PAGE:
Xmarks is a (currently) free bookmark syncing service that I have been using for years, and is now on the verge of shutting down for good. But there may be light at the end of the tunnel. Xmarks started out as Foxmarks, a Firefox add-in which allowed me to sync my bookmarks between my different computers, and even access my bookmarks online if I was using someone else’s computer. Over time Foxmarks re-branded to Xmarks when they started building add-ins for other browsers (Internet Explorer, Chrome, and Safari). This is what won my allegiance to Xmarks. AFAIK, there are no alternatives that provide cross-browser bookmark syncing.

Several days ago, Xmarks announced that they would be shutting down their service on January 10, 2011. Xmarks started out with the idea that they could build a bookmark syncing service and fund it with the crowd-sourced bookmark data that it collected.  That data could be used to increase search engine accuracy, or other profitable ventures. Unfortunately over the last several years, Xmarks has been unable to workout a business model that would allow it to stay in business. The Xmarks blog explains their intended business model and why it failed.

Immediately following the announcement that Xmarks would be shutting down, the small but loyal group of Xmarks users vocalized their support for Xmarks, and begged that Xmarks find a way to continue providing the service. The most common suggestion among users was to turn Xmarks into a paid premium service. Unfortunately according to Xmarks CEO James Joaquin, $9M has already been invested into the development of Xmarks, and operational costs currently top $2M annually. Typically when converting from a free service to a premium service, only 1% – 3% of users convert. Even with the 2 million users that currently use Xmarks, if 3% convert to a paid account, and paid a suggested $10/year subscription, that only creates $600,000 in revenue, far short of the current $2M operational budget, and $9M that venture capitalists want to recoup.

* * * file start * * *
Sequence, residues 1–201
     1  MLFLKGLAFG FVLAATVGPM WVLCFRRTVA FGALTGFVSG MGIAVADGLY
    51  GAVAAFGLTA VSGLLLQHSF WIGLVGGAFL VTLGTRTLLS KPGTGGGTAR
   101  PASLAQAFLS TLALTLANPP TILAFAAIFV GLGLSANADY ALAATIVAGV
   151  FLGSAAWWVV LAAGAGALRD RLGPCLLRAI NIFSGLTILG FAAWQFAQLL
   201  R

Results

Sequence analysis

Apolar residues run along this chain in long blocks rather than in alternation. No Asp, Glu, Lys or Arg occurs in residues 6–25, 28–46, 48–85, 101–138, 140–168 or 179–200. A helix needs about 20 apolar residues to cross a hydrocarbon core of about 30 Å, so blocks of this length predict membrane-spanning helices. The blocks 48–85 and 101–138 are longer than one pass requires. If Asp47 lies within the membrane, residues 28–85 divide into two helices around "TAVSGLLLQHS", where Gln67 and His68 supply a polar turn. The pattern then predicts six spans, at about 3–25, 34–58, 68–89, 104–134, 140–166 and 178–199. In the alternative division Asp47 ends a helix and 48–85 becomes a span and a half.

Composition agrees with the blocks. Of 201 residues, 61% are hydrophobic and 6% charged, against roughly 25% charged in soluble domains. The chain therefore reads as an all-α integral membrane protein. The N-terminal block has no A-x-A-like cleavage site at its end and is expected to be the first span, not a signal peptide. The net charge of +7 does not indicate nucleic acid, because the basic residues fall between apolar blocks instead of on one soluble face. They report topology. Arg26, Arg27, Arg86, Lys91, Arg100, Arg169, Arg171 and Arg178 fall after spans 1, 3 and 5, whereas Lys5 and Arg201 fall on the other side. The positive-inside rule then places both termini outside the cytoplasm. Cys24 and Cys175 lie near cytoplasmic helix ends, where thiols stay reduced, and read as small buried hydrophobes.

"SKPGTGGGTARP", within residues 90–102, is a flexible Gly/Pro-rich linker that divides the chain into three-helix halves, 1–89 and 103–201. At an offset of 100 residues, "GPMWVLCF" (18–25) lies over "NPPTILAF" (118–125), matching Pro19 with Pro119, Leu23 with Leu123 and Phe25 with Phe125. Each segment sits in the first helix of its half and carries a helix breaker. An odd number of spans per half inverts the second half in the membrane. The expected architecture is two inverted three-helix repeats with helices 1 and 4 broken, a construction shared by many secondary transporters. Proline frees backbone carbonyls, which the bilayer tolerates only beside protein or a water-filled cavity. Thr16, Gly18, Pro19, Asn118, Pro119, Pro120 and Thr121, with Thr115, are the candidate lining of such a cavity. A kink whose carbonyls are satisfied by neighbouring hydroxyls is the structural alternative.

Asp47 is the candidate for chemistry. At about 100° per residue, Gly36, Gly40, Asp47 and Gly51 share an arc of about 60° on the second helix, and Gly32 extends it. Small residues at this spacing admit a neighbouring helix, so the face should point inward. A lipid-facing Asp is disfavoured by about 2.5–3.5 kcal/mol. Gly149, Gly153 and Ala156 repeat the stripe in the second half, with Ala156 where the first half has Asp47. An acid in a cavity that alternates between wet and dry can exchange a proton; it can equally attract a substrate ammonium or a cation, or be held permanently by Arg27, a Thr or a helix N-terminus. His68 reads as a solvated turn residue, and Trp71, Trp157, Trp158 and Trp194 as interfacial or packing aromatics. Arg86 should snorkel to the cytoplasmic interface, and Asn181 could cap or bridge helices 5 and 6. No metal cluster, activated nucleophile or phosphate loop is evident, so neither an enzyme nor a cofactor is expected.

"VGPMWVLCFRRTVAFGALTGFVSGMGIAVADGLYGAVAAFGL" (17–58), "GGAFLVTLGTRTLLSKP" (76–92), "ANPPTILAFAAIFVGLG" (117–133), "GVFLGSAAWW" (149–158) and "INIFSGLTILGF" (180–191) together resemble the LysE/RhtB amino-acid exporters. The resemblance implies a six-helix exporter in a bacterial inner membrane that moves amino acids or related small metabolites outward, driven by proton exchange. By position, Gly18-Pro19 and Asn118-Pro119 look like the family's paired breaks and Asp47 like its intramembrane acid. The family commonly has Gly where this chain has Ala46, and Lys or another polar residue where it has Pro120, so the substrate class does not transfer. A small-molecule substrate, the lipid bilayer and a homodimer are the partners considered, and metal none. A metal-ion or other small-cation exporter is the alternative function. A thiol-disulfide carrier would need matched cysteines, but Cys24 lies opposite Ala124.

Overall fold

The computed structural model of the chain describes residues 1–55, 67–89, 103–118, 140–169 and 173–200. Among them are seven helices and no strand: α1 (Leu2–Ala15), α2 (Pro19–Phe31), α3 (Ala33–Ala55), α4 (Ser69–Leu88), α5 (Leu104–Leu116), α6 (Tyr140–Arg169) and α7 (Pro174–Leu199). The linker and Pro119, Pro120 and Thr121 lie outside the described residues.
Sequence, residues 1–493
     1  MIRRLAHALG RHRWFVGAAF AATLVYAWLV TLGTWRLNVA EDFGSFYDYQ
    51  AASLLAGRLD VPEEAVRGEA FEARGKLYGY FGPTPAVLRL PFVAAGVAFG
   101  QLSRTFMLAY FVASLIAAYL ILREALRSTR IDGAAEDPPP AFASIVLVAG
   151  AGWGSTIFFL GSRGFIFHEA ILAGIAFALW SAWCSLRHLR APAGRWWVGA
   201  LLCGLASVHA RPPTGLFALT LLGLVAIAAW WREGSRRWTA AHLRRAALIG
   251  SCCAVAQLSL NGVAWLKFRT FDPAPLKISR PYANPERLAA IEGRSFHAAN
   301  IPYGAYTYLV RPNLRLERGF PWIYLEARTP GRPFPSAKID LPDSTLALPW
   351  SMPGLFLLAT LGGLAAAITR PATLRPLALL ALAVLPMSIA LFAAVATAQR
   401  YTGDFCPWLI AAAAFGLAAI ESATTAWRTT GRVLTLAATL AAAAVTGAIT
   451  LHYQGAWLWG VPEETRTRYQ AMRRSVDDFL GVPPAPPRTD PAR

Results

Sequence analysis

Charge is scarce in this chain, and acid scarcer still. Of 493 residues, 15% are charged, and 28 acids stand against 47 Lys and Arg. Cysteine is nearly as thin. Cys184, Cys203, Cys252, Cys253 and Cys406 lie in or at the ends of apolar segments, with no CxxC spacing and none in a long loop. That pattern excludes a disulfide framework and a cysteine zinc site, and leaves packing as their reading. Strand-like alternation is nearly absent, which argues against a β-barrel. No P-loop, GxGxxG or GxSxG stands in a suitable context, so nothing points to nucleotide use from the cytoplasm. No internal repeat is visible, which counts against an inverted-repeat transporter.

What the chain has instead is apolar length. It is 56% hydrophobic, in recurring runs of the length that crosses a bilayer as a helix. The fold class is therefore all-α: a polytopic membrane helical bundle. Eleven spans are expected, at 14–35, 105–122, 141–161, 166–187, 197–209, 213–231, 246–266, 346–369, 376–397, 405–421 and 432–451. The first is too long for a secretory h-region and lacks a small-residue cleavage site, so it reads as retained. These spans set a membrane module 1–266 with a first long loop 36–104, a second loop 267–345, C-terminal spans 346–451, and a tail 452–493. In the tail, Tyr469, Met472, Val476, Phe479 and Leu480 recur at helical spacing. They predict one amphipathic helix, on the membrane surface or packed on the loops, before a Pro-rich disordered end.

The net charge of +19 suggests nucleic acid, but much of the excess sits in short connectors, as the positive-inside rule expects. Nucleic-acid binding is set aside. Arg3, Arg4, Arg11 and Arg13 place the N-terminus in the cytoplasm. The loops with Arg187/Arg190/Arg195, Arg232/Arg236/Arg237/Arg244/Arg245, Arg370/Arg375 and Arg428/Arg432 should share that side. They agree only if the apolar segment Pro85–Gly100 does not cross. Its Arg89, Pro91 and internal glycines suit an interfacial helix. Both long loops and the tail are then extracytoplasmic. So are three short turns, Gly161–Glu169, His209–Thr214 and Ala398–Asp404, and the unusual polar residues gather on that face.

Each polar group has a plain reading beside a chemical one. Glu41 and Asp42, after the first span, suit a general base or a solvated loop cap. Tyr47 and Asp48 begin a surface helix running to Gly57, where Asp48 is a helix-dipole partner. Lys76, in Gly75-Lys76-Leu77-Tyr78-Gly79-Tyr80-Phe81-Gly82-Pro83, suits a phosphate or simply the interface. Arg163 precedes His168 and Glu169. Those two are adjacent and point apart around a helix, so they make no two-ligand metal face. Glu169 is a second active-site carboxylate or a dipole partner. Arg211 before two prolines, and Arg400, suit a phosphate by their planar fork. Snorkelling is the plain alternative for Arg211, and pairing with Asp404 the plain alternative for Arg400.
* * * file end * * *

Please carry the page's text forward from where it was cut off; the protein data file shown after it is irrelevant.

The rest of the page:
Regardless of the long shot, Xmarks has set up a pledgebank account (www.pledgebank.com/XmarksPremium) where users can pledge $10 to keep Xmarks alive. There is no guarantee that this will work, however since the announcement to shutdown, there have been several offers to purchase Xmarks.

Check out the Xmarks blog for updates on the quest to save Xmarks.


If Xmarks fails to be rescued, there are alternatives for bookmark syncing (nope, no cross-browser alternatives). These alternatives are part of the reason why Xmarks decided to shutdown.

Firefox Sync (Mozilla Firefox)

  • Free
  • Add-in for FF3, built into FF4

Chrome Sync (Google Chrome)

  • Free

Windows Live Essentials (Microsoft Internet Explorer)

  • Free

MobileMe (Apple Safari)

  • $99/year